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And the Sparrow Fell: A Novel Hardcover – September 15, 2017
This month's Book With Buzz: "Little Fires Everywhere" by Celeste Ng
From the bestselling author of Everything I Never Told You, a riveting novel that traces the intertwined fates of the picture - perfect Richardson family and the enigmatic mother and daughter who upend their lives. See more
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We speak today of a divided America, but this book returns us to a Vietnam era when our nation was split to its core. And the Sparrow Fell describes in touching detail the ‘honorable wounds of war’ of those who fought to win and those who fought to end the war in Vietnam. My colleague and friend, Bob Mrazek, lived much of what he has written, and his reflection is a timely reminder of the meaning of honor and courage."—Dick Durbin, U.S. Senator from Illinois
And the Sparrow Fell gives as wonderful and accurate account of Cornell in those important years as anything I know—the histories and even the many decent books that discuss the events and their ambience that led up to the 1969 crisis don’t provide badly needed insights into the diverse characters of the time, including the students who supported the Vietnam war in the mid-1960s, and the diverse campus. This book does."—Walter LaFeber, Marie Underhill Noll Professor Emeritus of History and Stephen H. Weiss Presidential Fellow in the Department of History, Cornell University
Bob Mrazek has a wonderful feel for mood and character and time and place—all the ingredients that make his And the Sparrow Fell such a compelling novel. It grabbed me from the first page and kept getting deeper and more powerful."—David Maraniss, Pulitzer Prize–winning author of They Marched into Sunlight
About the Author
Robert J. Mrazek is a former Democratic member of the United States House of Representatives, the writer and co-director of the film The Congressman, and the author of nine books, including two award-winning nonfiction works and seven novels, the latest being The Bone Hunters and Valhalla.
Top customer reviews
Masterful work. These days I find vanishingly few literary efforts that strike my fancy. My most frequent bookish repast consists of finding myself face to face with cookie cutter characters who radiate a monotonous sameness that cause my eyes to glaze over even as I reach for the remote control. And the Sparrow Fell generates another reaction altogether. From the Hemingway style terseness of the opening paragraphs one is inextricably drawn into the increasingly complicated world view of Rick Ledbetter – a youthful hedonist who much prefers expending his mental acumen on sexual conquests than mulling over the intricacies of a rapidly changing society. Unfortunately Rick finds the simplicity of his epicurean existence challenged first by Tom, his saintly brother, who has the temerity to actually live out his convictions, and then by the machinations of a culture transfigured by the war in Viet Nam.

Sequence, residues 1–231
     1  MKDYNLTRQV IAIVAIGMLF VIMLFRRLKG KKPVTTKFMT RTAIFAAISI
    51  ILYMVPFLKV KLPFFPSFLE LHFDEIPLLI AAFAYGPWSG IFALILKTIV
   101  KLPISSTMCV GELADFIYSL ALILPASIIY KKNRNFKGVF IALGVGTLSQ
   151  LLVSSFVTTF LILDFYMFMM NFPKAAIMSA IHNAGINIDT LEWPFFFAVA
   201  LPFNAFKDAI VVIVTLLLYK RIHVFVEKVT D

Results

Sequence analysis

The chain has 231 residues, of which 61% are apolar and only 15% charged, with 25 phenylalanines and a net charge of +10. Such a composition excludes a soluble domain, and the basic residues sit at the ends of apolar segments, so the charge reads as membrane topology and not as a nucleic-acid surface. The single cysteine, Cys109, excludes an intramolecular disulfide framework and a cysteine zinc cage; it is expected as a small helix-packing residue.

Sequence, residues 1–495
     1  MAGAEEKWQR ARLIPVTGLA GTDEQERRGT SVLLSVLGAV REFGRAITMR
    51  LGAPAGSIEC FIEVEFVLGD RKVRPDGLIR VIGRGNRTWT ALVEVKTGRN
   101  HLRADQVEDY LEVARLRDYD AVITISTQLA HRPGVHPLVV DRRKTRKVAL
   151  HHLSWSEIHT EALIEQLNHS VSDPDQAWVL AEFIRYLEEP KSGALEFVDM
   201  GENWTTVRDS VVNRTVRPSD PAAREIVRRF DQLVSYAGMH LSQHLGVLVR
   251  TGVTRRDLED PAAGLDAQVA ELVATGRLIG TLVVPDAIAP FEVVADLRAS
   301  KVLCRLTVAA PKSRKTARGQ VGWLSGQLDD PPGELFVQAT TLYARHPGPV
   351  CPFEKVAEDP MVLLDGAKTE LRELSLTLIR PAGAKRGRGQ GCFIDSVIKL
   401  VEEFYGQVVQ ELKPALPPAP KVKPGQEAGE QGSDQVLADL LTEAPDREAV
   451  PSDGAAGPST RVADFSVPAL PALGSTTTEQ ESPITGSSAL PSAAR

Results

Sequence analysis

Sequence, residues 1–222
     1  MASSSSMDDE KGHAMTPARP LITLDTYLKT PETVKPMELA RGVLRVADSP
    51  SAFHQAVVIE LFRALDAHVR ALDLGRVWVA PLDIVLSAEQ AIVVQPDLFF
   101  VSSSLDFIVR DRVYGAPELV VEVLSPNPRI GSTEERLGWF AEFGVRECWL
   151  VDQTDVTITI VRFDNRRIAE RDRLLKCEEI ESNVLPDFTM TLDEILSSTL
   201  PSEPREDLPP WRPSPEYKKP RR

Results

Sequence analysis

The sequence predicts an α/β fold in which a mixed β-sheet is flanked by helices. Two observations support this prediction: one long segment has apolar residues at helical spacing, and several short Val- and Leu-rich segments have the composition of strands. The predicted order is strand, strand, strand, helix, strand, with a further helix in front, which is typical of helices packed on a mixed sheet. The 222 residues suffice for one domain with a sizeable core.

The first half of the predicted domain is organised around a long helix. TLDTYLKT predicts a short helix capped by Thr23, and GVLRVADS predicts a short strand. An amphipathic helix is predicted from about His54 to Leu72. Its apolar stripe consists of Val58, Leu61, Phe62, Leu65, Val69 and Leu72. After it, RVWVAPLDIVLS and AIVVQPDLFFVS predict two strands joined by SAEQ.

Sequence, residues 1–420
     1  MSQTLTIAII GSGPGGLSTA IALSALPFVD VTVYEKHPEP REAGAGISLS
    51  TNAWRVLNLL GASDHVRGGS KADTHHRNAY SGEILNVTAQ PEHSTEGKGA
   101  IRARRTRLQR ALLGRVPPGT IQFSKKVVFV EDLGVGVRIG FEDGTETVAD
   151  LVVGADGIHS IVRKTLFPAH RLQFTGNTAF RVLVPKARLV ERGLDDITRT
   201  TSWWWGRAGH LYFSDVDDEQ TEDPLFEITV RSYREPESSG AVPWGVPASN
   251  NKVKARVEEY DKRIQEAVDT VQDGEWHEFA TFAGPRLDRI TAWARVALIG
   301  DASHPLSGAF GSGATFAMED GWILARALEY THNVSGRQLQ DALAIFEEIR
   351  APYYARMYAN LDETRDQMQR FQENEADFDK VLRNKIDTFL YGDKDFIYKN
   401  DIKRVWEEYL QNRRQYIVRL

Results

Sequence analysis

Interestingly, And the Sparrow Fell, does not so much fashion a new world as transport us to a world that was (and is) – a world in which rectitude and innocence are forsaken for their darker cousins of sin and hate. Mrazek achieves this through raw, humorous, heartbreaking and authentic dialogue. The reader finds his/herself becoming one with Rick Ledbetter’s thoughts, aspirations and, ultimately, the very spirit which powers his metamorphosis. It is here, within the environs of a world in flux, that Rick Ledbetter is led to discover both love and a moral compass. And it is here that each of us are challenged to discover our own.
To pigeon hole Mrazek’s effort as simply a coming-of-age story does a disservice to the scope of this remarkable novel. And the Sparrow Fell radiates an absolute longing for something to believe in, something to hold onto, something to trust, something to love. I suspect that is why it will strike such a spiritual chord with so many. Indeed, Bob recently described to me this book as being, “all about faith.” And that it surely is. For And the Sparrow Fell dishes up the intertwining of faith and ruah, the Spirit that flows where it will, and from their marriage presents the best, and the worst, that humanity has to offer.